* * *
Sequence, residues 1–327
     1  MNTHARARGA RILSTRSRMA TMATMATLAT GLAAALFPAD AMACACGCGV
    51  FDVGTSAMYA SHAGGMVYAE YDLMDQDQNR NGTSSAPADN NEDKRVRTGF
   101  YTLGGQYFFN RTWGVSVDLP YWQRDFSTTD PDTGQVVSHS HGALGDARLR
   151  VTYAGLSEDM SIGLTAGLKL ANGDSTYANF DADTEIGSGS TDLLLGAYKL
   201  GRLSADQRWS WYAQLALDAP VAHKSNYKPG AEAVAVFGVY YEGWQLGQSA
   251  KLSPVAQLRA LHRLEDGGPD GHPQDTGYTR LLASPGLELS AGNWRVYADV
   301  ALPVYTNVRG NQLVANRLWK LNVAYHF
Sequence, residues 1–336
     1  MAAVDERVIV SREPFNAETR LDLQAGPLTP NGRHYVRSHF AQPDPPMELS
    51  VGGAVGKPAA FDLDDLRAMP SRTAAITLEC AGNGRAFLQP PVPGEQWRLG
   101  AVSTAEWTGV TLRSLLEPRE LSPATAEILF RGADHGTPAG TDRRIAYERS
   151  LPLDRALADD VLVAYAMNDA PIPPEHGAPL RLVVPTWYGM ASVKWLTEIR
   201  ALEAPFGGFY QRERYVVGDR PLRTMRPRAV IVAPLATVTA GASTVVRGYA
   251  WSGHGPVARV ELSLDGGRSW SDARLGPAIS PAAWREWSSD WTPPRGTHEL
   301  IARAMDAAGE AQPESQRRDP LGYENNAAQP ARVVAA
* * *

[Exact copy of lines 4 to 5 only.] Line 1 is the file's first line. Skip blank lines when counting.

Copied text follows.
   101  YTLGGQYFFN RTWGVSVDLP YWQRDFSTTD PDTGQVVSHS HGALGDARLR
   151  VTYAGLSEDM SIGLTAGLKL ANGDSTYANF DADTEIGSGS TDLLLGAYKL